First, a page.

Another wasted Sunday. It seems the entire summer is doomed to be spent watching the cricket with the curtains drawn. Feel strange sense of unease with the summer and not just because of the drawn curtains on Sundays and mini-break ban. Realize, as the long hot days freakishly repeat themselves, one after the other, that whatever I am doing I really think I ought to be doing something else. It comes from the same feeling family as the one which periodically makes you think that just because you live in central London you should be out at the RSC/Albert Hall/ Tower of London/Royal Academy/Madame Tussauds, instead of hanging around in bars enjoying yourself.

  The more the sun shines the more obvious it seems that others are making fuller, better use of it elsewhere: possibly at some giant softball game to which everyone is invited except me; possibly alone with their lover in a rustic glade by waterfalls where Bambis graze, or at some large public celebratory event, probably including the Queen Mother and one or more of the football tenors, to mark the exquisite summer which I am failing to get the best out of. Maybe it is our climatic past that is to blame. Maybe we do not yet have the mentality to deal with a sun and cloudless blue sky, which is anything other than a freak incident. The instinct to panic, run out of the office, take most of your clothes off and lie panting on the fire escape is still too strong.

  But there, too, is confusion. It is not the thing to go out courting malignant growths any more so what should you do? A shady barbecue, perhaps? Starve your friends while you tamper with fire for hours then poison them with burnt yet still quivering slices of underdone suckling pig? Or organize picnics in the park and end up with all the women scraping squashed gobbets of mozzarella off tinfoil and yelling at children with ozone asthma attacks; while the men swig warm white wine in the fierce midday sun, staring at the nearby softball games with left-out shame.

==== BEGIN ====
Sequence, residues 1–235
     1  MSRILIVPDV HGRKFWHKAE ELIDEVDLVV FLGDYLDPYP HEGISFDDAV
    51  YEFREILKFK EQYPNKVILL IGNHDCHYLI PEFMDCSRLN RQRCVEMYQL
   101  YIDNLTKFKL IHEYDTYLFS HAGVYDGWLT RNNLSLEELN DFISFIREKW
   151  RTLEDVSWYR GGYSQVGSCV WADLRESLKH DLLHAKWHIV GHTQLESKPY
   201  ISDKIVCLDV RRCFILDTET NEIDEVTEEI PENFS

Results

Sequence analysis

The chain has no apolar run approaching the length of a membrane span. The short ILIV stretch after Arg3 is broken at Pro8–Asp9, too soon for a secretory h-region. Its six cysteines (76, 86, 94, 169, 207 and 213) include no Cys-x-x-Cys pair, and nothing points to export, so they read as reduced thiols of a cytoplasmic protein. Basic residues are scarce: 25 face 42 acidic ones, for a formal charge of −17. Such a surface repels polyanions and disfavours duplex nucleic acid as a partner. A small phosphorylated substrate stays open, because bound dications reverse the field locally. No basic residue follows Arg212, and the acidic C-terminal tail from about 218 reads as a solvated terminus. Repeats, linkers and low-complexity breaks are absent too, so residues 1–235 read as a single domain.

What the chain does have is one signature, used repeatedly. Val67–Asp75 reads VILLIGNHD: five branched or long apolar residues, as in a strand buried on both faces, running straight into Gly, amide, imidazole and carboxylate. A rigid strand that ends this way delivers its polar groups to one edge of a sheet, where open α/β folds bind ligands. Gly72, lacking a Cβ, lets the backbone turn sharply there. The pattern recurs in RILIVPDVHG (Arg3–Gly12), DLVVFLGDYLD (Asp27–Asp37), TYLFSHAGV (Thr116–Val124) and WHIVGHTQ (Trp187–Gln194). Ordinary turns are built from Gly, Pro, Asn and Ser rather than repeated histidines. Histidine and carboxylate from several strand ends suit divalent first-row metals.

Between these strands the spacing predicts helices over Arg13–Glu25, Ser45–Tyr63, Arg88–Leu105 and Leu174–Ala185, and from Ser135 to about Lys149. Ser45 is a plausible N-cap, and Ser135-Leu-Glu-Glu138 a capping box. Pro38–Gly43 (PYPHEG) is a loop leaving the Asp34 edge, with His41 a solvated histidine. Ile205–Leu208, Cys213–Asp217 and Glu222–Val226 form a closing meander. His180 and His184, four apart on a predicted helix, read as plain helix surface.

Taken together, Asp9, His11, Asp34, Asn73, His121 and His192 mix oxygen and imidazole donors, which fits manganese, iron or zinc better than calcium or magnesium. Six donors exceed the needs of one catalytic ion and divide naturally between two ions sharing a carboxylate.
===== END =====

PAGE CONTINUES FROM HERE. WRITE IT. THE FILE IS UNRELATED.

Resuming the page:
Envy summer life on the Continent, where men in smart lightweight suits and designer sunglasses glide around calmly in smart air-conditioned cars, maybe stopping for a citron presse in a shady pavement cafe in an ancient square, totally cool about the sun and ignoring it because they know for a fact that it will still be shining at the weekend, when they can go and lie quietly on the yacht.

  Feel certain this has been factor behind our waning national confidence ever since we started to travel and notice it. I suppose things might change. More and more tables are on pavements. Diners are managing to sit calmly at them, only occasionally remembering the sun and turning their faces to it with closed eyes, breaking into huge excited grins at passer-by – 'Look, look, we're enjoying a refreshing drink in a pavement cafe, we can do it too' – their expressions of angst merely brief and fleeting which say, 'Ought we to be at an outdoor performance of AMidsummer Night's Dream?'

  Somewhere at the back of my mind is a new-born, tremulous notion that maybe Daniel is right: what you are supposed to do when it's hot is go to sleep under a tree or watch cricket with the curtains drawn. But to my way of thinking, to actually get to sleep you'd have to know that the next day would be hot as well, and the one after that, and that enough hot days lay in store in your lifetime to do all conceivable hot-day activities in a calm and measured manner with no sense of urgency whatsoever. Fat chance.

  Monday 12 June

  9st 1, alcohol units 3 (v.g.), cigarettes 13 (g.), minutes spent trying to programme video 210 (poor).